‘It’s having an opportunity to talk about something that you have a genuine passion for; an opportunity to talk about cars all day. In my last business, no-one has a real passion for what they do; they just do it. The BMW 507 over there; I’ve never seen one before. Once you’ve had an opportunity to drive and understand the cars, it helps you sell them as well. If someone says to you “How does it drive?”, you have to know the answer. It’s like a hobby you get paid to do, but that doesn’t make it any less hard work.’
We’re sitting in James’s office, surrounded by the trinkets that display his love of cars. There’s an original luggage set from a Diablo in a presentation case behind me, and folders full of history for customer cars on the desk in front. Looking through the presentation case rewards me with a glimpse of some of the most jaw-dropping classic, super and hypercars ever made. Pagani’s ex-Geneva Motor Show Huayra is nestled beside the white BMW roadster that Andrew is a big fan of. A Fiat Dino Spyder shimmers under the strip lighting next to a dinky original Fiat Cinquecento. The variety on offer is baffling; like a fantasy football XI or greatest hits album, it’s staggering to see a collection of cultural icons in one place.
There are no prices in the windows of these cars. The ‘hobby that you get paid to do’ is currently the vocation of James Searle, one of the Sales Executives that make up the team at Joe Macari Performance Cars in London. Like any other retail business, these works of art are here to be sold. Macari, however, runs a servicing and restoration arm that manages to maintain some of the most unusual cars in the world. As an official Ferrari and Maserati repairer, it’s one of the few places in the UK where you can have your Modenese supercar Classiche certified.
James shows me the gargantuan red file that accompanies a recently-certified Ferrari F50. A customer has paid £500 for Ferrari technicians to pull his beauty to pieces to make sure the ‘numbers match’. As many of these cars are bought as investment pieces, originality is key to any out-of-production Ferrari. The car can only be Classiche-certified if all the components are original, or at least to the same specification as it would have been as it left the factory. The chassis is checked for damage or repairs; the gearbox and engine are checked against factory records to see if they are original; switches and accessories on the car have to be period-correct and even the bolts on the engine block have to be the right size. This obsessive attention to minor details can add thousands to the price of the car. In this world, provenance makes perfect, and James spends a lot of his day as some kind of automotive sleuth.
‘You need all the history; you go through the box file on the car and pull together service history, where the car’s been, who’s owned the car. At first I go to who’s owned the car; what do you know, verbally, what history have you got on the car, then they tell me who they got it from – in this case, it was a dealer in Switzerland, so then I ring him up. Tell me what you know about the car – ‘oh I got it from this guy, in this company’- so it’s about pulling together all that lost history of a vehicle. People like to know the background of the car – that particular car [the Fiat Topolino] has a flag from Lake Tresa on the wing, but there’s no history on why the flag is there. I’ve now discovered that the last Swiss collector stored the car there. That day I did the Topolino, next week it will be the Bugatti EB110.’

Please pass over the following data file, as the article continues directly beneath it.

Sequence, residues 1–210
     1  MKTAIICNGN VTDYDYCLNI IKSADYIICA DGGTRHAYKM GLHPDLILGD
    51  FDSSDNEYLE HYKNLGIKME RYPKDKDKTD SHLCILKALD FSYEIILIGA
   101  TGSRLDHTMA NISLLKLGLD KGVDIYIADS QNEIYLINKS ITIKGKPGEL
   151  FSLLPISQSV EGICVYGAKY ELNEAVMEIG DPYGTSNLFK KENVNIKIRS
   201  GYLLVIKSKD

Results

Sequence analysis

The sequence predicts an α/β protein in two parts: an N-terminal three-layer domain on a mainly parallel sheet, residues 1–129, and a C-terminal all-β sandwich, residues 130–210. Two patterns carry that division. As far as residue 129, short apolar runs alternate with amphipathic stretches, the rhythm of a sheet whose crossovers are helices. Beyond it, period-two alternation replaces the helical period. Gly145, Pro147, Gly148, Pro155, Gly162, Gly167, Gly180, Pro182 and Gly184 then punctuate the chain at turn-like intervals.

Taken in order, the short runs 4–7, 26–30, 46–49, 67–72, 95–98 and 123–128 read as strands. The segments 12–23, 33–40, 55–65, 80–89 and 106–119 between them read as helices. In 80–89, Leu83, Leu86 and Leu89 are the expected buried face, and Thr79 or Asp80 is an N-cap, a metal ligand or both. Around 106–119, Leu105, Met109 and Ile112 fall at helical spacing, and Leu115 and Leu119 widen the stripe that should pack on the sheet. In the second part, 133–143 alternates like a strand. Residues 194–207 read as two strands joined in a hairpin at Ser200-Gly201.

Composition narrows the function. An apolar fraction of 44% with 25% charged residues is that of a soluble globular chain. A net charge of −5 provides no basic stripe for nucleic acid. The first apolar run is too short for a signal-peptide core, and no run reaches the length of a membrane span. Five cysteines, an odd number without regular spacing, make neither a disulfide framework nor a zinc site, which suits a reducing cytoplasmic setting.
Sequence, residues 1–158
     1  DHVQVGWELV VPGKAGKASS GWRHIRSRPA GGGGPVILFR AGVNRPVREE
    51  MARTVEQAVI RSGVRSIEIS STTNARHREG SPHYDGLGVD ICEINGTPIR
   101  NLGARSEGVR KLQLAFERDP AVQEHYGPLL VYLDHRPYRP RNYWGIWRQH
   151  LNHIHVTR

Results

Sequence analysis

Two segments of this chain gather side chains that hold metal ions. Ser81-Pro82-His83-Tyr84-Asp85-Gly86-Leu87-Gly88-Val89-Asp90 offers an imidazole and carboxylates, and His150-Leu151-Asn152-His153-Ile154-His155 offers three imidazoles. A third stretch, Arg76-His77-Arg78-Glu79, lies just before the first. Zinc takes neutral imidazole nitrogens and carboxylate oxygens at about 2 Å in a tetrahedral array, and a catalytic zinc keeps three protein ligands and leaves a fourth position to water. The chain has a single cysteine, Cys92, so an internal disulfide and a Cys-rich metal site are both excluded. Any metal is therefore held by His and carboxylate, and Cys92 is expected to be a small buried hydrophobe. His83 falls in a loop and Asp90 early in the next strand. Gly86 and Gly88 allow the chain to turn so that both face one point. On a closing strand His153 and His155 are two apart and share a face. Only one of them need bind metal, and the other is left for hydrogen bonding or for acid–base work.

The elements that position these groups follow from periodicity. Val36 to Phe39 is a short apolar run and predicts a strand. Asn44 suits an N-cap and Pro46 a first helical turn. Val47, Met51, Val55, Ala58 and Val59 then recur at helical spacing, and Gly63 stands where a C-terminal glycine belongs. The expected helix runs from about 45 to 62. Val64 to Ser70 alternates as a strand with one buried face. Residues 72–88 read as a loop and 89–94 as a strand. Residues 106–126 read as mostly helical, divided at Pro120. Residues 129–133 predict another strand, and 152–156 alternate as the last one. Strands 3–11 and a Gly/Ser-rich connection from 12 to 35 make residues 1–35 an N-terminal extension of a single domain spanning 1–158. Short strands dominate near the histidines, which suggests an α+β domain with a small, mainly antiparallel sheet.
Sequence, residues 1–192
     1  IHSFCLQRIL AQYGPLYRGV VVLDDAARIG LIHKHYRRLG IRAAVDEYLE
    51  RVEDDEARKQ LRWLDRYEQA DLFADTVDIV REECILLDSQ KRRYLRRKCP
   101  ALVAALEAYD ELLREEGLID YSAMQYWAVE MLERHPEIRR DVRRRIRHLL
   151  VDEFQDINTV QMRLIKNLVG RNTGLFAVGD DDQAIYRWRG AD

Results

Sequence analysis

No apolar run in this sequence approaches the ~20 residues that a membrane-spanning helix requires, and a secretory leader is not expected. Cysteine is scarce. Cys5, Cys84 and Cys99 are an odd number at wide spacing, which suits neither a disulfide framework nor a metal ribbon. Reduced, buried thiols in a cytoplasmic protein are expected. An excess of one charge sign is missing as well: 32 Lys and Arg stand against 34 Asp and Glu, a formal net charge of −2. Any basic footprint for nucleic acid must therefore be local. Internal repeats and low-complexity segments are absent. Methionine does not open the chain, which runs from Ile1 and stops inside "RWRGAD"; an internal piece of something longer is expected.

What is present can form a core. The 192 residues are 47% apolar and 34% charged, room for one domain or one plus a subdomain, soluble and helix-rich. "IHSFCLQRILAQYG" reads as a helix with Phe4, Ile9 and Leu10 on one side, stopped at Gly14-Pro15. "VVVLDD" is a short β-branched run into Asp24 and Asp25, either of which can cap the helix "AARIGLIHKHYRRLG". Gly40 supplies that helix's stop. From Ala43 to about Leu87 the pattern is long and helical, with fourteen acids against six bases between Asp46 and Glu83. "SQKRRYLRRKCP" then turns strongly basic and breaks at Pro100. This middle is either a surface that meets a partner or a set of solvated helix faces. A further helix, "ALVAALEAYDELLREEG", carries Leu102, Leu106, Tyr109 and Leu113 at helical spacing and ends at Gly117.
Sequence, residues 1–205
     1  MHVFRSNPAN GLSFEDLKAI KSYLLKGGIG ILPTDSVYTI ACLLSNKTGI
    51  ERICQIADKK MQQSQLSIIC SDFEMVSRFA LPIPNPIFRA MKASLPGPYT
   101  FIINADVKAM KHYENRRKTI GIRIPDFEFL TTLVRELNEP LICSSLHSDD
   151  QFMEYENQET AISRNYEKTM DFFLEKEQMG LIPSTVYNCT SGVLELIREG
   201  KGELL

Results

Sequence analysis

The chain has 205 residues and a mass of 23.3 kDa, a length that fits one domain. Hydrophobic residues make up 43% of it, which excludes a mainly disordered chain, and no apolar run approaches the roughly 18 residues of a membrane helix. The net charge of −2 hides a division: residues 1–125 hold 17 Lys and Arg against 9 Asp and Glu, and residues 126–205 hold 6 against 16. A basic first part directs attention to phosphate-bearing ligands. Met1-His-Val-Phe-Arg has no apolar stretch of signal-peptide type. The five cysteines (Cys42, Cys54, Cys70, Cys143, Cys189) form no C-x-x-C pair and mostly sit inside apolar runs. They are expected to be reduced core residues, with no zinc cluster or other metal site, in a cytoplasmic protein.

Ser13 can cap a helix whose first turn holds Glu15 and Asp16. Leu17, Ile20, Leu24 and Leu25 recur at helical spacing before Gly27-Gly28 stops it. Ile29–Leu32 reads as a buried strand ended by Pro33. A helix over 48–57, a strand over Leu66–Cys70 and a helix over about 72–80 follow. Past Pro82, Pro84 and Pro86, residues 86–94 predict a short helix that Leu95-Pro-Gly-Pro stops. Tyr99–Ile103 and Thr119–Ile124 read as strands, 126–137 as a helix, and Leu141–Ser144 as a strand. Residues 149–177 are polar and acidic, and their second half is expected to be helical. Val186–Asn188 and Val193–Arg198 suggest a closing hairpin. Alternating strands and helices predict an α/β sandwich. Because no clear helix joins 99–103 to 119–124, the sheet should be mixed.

I’m given a tour of the showroom floor, where I struggle to stop grinning. Whilst I’m crestfallen the Bugatti EB110 SS Dauer isn’t here – it’s away with the LFA Nurburgring edition on filming duty for the upcoming Bond film – there are more than enough distractions ahead of me. To be quite frank, there are not enough superlatives for what I’m about to see. Personal highlights are of the motorsport variety, with James providing me with an intimate knowledge of each car as we progress down the hallway. The ex-Derek Bell/Stefan Bellof Porsche 962 absolutely floors me. Six minutes and eleven seconds is all it took Bellof to negotiate the Nurburgring Nordschleife during qualifying for the 1983 1000km of Nurburgring. It’s low, light and looks perpetually angry. Everything about it is purposeful. I ask James what it’s doing in the showroom and he tells me that it’s so low, it cannot get into the customer’s driveway. It’ll sit here, waiting for the lights to turn green, until a solution is found.
We move on. The black ex-Chris Evans 250 GT California has a long wheelbase partner, freshly restored and painted in Blue Julie. The colour pops under the lights, and the leather looks as if it’s never been touched from new. James tells me that it’s common practice to substitute the original, perfectly-working engine for a period-correct one. As the original block is so valuable and hard to find parts for, if it breaks, the car’s value plummets. These original blocks are packaged on crates and sold alongside the car, like spare organs. Provenance is the dealbreaker here.
Turbo lunacy is well-represented in the form of the 288 GTO and F40. This particular F40 looks comparatively rougher than some of the other cars on display, in that it has minor scuffs to the front spoiler and some light scratches. It’s spent most of its life in an Italian collection with only a few thousand kilometres on the clocks. Being from the late-80’s, it doesn’t have any cats and features the optional sliding Plexiglas windows that hark to its competitive bent. It’s my first time seeing both side-by-side and their similarities to one another are more than obvious. This corner is my favourite of the whole hall: mess around with any of these cars and there’s no electronic driver aids to save you.
We come to the one of the few MC12 Corsas that have been converted to road use. It’s one of twelve made, and is even rarer for being painted black instead of the usual Blue Victory. The carbonfibre weave is visible through the thin layer of paint. It has a racing pedigree and looks utterly menacing because of it. I’m quickly learning that whilst there is a definite preference for Ferrari and Maserati, the dealership is a mish-mash of cars. Classics share billing with limited-run cars from 2014 such as the 458 Speciale Aperta.
Joe Macari cuts a relaxed figure as I meet him on the showroom floor. The racer-turned-businessman invites me to the cafe upstairs and rolls a cigarette. A battered Nokia – the kind which has an endless battery life and went out of production about a decade ago – sits on the table in front of us, ready for the next business call. There’s a silence before he explains his reasoning behind the switch from racing cars to auction houses.